Production, like the sound of a lot of drum & bass itself, had become too technical. And for me that meant some of the soul had gone. Or, to be more honest, I knew that if I wanted to make music with soul that was up there with the best productions of the genre, then I’d have to totally re-learn the process, the software and everything. At the time there was a strong part of me that couldn’t be bothered trying to learn, I’m ashamed to say. And you can feel that in some of the tunes I released in the late 2000s. Even while looking back over my music to pick for the old school album that comes with this book, there aren’t many tunes from that era I even want to select. How can I expect someone to be into what I’m making if I’m not even into it myself?
Bottom line, bruv: I’d forgotten how much fun it was in the studio. Because that’s the thing about production, as any producer will tell you: it’s all about those moments when you catch a vibe. Especially if you’re collaborating with someone. When you share that moment and things click into place and the groove is getting there? Man, it’s a great feeling! It was one I was glad I’d experienced on many occasions but didn’t think I’d get to do again. I honestly thought I was done as a producer and had kinda made my peace with that.
Then one day I hear this tune. It just hits me straight in the face. Goosebumps all over the place. What is this? It’s sick! I know it’s a dubstep track but who the fuck is it by? Turns out it’s ‘I Can’t Stop’ by Flux Pavilion. It’s on Circus Records, co-owned by an old mate of mine Simon Swan, a man previously known as Swan-E. A seriously sick jungle DJ back in the day, I’ve always respected how he’s done his business. Unlike some of us who partied up their takings, or lost them making bad moves pressing records, he’d invested wisely and was backing one of the most influential labels in dubstep. I’m on the phone to him straight away.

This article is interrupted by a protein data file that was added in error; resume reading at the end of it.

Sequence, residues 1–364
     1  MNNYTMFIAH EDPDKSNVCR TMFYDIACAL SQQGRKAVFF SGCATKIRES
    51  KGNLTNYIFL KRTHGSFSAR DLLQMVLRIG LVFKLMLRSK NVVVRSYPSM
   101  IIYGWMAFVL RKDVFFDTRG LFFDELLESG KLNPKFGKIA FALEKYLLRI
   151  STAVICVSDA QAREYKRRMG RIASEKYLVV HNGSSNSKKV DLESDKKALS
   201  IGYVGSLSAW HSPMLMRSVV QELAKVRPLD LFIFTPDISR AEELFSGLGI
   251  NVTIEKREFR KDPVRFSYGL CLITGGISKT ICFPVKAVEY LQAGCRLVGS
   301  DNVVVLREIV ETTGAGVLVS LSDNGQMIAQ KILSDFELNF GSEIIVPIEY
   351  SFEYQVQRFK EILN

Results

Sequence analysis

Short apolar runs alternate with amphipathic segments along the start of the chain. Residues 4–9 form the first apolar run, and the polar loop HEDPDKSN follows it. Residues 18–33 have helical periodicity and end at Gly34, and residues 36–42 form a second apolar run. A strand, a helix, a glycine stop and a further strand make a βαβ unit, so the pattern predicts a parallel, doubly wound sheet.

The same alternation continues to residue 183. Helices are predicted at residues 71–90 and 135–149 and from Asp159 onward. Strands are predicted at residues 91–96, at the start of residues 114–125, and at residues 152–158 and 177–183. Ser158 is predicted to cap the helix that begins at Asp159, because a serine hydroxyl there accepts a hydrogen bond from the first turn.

“Simon. This tune! Wow, the melody, fuck! That’s something I can really hum along to for days.”
“There’s plenty more where that came from. I’ll send you some.”
Bang. It was like a switch and I was inspired again. And as much as I love drum & bass, I have to say it was dubstep that really pressed my buttons again. It was an interesting movement to watch unfold over the years before. Booking acts and promoting and all the rest of it meant I was exposed to a lot of it and it was like watching jungle explode but on double time and steroids. You could see it was inspiring a lot of drum & bass guys. Chase & Status, Drumsound & Bassline Smith, DJ Fresh who went on to score the first drum & bass number one a year or two after, and myself… Of course I had no ambitions of a chart hit or anything, I just knew I should try and get back into the studio, relearn the craft and see what I can come up with. After four years of studio silence, I’d rediscovered a creative itch I needed to scratch. So I called up a man I knew I could get on a vibe with; Mayhem. Or Martin Ikin as he is now known. Not content with creating a reputation in drum & bass, he’d gone on to earn big stripes in the house world under his real life name.
“I need to get into the studio bro. I need to try get my mojo back. Not drum & bass, but anything. No specific genre.”
“Come on over mate.”
We arrange a day and when I get there, bruv, I’m like a rabbit in the headlights. It hadn’t been that long since I’d been in the studio but I’d been using all my old gear and hadn’t kept up to date with software and I knew I had a lot to learn. Martin’s a proper old friend of mine, though. I know he knows where I’m coming from and what I need to know and need to do. I chat with him and explain what has happened, I play him Flux’s tune and he says ‘why don’t we make something like this?’ And that was that; I was back on a buzz and we’re getting a beat together, he’s explaining the VSTs and plugins and we’re getting on the bassline and it’s vibes. It’s exactly what I needed…